1. The general discussion about concealed carry should include a distinction between states that do not require a permit to carry concealed (constitutional carry) and states that require a permit. The big difference being that to get a permit, one has to have undergone some (varying) check of criminal history and some (varying) required training. With those cautions in place, the arguments are very strong that the permit should be freely issued to anyone who applies, and that limits on WHERE they can carry should be very minimal.

    This SCOTUS case is about permit access matters, and not about no-permit-required situations, so my comments don’t apply to this case specifically.

    I bring up constitutional carry because the arguments that civilian gun carriers should be given high trust as to where they may carry are strong if the carrier has had the training and background check but weaker if he has not. If not, he may be highly trustable or he may be the sort of bad guy you would never want to be near when he is armed. I do not have a proposed way to way to craft any PLACE restrictions for no-permit states, just raising the issue. I only comment that even though I strongly support people’s ability to carry concealed, and think that constitutional carry sounds great, in some no-permit locations I worry some about whether I am among dirtbags legally carrying guns. (I know that in a permit state they are there carrying illegally.)

    1. The good news is that in the general population, particularly in the population of so-called “sensitive places,” the percentage of dirtbags of one sort or another is pretty small compared to the number of good citizens.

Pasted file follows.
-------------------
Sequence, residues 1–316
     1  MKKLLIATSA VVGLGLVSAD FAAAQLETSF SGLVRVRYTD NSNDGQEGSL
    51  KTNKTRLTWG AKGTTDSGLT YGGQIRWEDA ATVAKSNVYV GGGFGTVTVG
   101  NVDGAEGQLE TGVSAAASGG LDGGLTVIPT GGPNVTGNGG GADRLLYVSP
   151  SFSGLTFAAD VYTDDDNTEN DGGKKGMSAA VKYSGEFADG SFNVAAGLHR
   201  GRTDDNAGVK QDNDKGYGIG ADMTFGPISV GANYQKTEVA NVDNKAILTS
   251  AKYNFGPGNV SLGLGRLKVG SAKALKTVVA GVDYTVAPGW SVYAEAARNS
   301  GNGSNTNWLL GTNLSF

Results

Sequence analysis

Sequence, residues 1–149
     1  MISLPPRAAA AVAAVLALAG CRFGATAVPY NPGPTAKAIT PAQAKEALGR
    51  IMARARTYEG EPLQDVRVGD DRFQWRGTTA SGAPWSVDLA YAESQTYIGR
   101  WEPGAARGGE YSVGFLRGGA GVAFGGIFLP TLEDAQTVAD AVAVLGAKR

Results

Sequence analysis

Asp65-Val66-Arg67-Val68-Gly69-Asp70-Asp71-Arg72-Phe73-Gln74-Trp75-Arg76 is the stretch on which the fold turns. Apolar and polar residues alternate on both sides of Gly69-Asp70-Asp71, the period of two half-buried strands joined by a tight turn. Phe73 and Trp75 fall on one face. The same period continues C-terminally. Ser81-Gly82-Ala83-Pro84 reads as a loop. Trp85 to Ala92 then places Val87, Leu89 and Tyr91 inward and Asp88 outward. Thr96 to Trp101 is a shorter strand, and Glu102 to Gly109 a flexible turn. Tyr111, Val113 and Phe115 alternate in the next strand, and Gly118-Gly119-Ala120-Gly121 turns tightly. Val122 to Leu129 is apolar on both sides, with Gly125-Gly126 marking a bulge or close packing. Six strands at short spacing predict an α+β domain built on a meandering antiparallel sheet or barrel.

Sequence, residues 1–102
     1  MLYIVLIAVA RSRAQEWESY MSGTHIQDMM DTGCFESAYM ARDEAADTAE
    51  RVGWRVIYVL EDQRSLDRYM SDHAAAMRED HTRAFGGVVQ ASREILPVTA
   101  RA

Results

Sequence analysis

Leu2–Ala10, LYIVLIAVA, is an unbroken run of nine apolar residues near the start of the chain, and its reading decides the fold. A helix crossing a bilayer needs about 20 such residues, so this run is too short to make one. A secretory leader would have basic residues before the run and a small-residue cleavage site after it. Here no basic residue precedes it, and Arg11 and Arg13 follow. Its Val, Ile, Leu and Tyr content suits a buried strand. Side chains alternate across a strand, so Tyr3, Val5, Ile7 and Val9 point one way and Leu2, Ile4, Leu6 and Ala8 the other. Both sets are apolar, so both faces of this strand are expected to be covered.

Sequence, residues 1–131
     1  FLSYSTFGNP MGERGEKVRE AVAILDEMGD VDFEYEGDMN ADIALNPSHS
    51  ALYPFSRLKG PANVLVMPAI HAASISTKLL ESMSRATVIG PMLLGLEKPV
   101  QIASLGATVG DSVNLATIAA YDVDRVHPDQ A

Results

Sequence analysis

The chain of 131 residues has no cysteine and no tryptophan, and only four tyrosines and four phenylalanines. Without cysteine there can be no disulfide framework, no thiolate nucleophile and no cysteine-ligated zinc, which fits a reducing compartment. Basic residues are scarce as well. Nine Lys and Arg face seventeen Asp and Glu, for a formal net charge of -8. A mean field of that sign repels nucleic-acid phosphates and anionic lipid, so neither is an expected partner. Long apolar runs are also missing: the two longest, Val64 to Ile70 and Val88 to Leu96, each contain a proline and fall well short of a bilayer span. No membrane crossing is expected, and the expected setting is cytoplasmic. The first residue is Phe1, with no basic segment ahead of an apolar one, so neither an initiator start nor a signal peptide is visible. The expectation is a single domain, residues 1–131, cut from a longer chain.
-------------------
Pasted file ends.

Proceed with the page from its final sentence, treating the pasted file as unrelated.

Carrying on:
If that’s not true, you might need to hang out elsewhere!

      1. Well, your first point is probably true, but your second point is flippant and unhelpful. But it does connect to my sentiment that in public I would like to feel that I was among a lot of armed good guys, but few armed bad guys. I guess a permit requirement can serve as a dirtbag filter, a good thing.

        But relevant to the SCOTUS case, I think it could be summarized as being about the distinction in permit-issuing states between a shall-issue state and a may-issue state. (May-issue is the bad kind – New York, California, etc.) In may-issue states, the issuing authority, usually a sheriff or chief of police, has unrestricted power to say ‘Yes’ or ‘No’ to a citizen qualified by background and training who applies for a permit. There, it’s all ideology and political mood that controls access to the right. Obviously a bad thing.
        Shall-issue means just that if you have the training and background.

        Example of the absurdity of result from may-issue: California CCW are state-wide permits. Get one, carry legally anywhere in the state. But the permits are issued only by local authorities: county sheriffs or city police chiefs. The City and County of San Francisco has one single permit issued, and is fanatically anti-gun. Getting caught with an unpermitted gun there would be one of the few matters that would wake the hype-woke prosecutor into doing some prosecution. But there are many jurisdictions in California that issue CCW permits reasonably. So SF can be swarming with legal gun carriers who live hundreds of miles away, while none of the 883,00 (minus 1) residents has the slightest chance of getting a CCW, notwithstanding the high danger from violent crime and home burglary.

        In summary, it is to be hoped that SCOTUS will hold that all permit-issuing states must be shall-issue.

    2. Please cite where criminal checks and training are mandated in the 2nd Amendment. You can read, presumably. The 2nd Amendment provides the right to keep and bear arms. It doesn’t mandate societal disposition of criminals. Penalties must be increased to the maximum level. If criminals are not deterred, they must be neutralized with extreme prejudice. The Constitution holds dominion in America, not the ——- criminals. Crime does not pay, right? Or does it?